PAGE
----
I have heard both Al Jazeera and Russia Today called propaganda. Perhaps that is because the angles from which they view the news and the people they interview are less commonly found in the more mainstream news outlets. To close one’s mind by calling something propaganda without having considered it is not wise. The reason we can safely call government communications propaganda is that they are consistently proved to be so. Critical thinkers consider various viewpoints. And in contrast to the records of the mainstream US media, the foreigners have more credibility.
Then there is Fox News. Wait. It’s too easy. (You may want to watch Outfoxed: Rupert Murdoch’s War on Journalism for a look at how Fox has erased the line between journalism and propaganda.) Suffice to say, studies indicate Fox News viewers are less well informed than anyone else who watches television. Whatever Fox News says, I object to attacks on Fox from people who believe what they hear on CNN, MSNBC or other corporate news stations. Do you really believe any one of these channels consistently tells the truth? That they do not try to influence your point of view and subtly manipulate you? Why should we trust this source? Do they know what they are talking about? Why would they tell us what they are telling us? Might they have an ulterior motive? Can we speculate what that might be? Why do we only have the choices we are presented with? Why is it only either intervene militarily in Syria or let genocide take place? Why, why, why? We need to consider why they show what they show and what we are missing that they do not show.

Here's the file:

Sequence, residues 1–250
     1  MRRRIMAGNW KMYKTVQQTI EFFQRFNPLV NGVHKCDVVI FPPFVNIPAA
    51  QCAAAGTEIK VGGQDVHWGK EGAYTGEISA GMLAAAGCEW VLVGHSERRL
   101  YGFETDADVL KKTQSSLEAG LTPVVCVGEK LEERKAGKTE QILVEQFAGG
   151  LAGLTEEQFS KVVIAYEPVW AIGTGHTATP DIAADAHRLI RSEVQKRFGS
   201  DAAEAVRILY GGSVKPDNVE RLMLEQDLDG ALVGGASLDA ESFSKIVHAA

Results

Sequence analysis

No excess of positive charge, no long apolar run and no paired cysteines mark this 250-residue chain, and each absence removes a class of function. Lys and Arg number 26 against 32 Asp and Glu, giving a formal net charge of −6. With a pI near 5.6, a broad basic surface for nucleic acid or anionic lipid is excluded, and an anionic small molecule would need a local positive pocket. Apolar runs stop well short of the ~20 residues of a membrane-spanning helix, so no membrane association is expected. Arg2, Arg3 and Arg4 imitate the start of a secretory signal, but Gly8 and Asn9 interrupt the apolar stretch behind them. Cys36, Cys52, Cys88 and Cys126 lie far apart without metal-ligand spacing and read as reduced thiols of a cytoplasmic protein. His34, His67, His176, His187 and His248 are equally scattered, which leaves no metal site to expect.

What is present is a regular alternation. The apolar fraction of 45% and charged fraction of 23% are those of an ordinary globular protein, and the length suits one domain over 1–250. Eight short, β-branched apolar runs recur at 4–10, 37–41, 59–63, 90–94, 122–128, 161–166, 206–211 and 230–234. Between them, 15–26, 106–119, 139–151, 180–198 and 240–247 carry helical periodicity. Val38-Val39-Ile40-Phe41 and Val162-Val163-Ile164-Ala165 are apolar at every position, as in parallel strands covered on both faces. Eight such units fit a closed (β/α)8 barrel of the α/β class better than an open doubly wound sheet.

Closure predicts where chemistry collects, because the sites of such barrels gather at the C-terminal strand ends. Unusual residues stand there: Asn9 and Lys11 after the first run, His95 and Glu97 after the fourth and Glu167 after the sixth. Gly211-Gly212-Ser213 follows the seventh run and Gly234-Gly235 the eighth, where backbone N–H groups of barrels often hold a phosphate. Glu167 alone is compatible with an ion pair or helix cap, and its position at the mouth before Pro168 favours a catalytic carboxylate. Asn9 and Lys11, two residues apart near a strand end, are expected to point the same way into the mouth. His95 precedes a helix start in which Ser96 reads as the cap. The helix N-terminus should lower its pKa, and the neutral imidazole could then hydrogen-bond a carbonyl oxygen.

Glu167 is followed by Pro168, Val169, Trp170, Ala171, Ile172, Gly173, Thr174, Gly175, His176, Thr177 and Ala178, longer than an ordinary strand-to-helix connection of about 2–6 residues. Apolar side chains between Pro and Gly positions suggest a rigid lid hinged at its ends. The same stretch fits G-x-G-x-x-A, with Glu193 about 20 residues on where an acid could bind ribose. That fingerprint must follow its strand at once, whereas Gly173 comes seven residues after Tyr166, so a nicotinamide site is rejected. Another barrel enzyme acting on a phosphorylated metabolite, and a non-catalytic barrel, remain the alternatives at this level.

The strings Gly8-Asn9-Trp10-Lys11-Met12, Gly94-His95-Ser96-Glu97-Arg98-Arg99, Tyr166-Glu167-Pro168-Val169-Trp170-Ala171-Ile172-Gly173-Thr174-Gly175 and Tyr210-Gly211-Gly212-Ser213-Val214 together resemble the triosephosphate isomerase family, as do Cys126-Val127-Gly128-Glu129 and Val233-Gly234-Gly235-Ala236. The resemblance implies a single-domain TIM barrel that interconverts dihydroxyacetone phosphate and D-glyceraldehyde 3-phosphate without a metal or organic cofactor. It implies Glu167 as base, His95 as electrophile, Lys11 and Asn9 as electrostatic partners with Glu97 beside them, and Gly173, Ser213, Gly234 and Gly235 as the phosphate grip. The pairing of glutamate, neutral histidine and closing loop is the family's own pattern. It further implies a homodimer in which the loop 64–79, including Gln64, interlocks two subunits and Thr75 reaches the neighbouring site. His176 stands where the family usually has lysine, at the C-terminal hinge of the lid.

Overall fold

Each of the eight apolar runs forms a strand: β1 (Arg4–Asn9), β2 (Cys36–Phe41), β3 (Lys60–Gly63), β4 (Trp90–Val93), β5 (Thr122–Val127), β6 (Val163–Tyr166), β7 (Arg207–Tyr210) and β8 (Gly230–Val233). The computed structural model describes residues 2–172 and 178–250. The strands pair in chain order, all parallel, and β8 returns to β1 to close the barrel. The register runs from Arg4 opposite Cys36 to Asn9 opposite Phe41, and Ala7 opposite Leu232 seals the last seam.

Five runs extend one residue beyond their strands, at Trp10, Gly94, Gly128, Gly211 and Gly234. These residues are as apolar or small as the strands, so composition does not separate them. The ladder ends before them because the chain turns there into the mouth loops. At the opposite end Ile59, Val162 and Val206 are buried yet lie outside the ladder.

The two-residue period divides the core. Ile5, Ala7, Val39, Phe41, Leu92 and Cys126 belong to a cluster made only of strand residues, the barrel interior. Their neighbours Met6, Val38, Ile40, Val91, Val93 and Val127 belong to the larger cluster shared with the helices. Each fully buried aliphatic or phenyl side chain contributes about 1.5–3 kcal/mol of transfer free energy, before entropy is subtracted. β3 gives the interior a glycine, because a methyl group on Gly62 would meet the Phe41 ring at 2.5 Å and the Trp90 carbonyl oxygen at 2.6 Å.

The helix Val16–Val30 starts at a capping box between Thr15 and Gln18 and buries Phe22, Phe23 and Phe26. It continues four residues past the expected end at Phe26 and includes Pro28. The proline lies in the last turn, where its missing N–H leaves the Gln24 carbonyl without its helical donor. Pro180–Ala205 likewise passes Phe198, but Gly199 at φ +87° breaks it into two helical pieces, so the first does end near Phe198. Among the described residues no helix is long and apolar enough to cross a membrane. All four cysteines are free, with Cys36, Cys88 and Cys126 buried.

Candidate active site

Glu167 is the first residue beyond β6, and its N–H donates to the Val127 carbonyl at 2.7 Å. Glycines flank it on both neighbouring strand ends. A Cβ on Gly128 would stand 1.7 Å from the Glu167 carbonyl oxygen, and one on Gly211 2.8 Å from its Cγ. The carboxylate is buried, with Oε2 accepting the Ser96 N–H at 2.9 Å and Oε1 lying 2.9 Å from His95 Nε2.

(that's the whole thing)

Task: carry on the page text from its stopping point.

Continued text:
When I am asked which news source I think is most reliable, I reply “none”. Take a look at the sources for this blog: they are from a variety of people and media. (However, I sometimes repeat some I perceive to be informed or wise. I must admit, I am more likely to believe Democracy Now than Fox News.) To truly understand a phenomenon is to know it from various perspectives. To understand a news story, it helps to read various accounts and ask ourselves several questions about what we read.
Without having witnessed an event ourselves, we do not know what happened. Every source has its own reasons to manipulate the facts, though probably not all do all the time. The best we can do is listen to varying accounts, consider carefully each one’s possible motives and assume we cannot be sure about any of them. The worst we can do is listen to accounts that do not vary significantly, pretend each source confirms the other and accept the information as given. At a more fundamental level, we need to question the entire hegemony and move away from thinking the world is as we are told it is.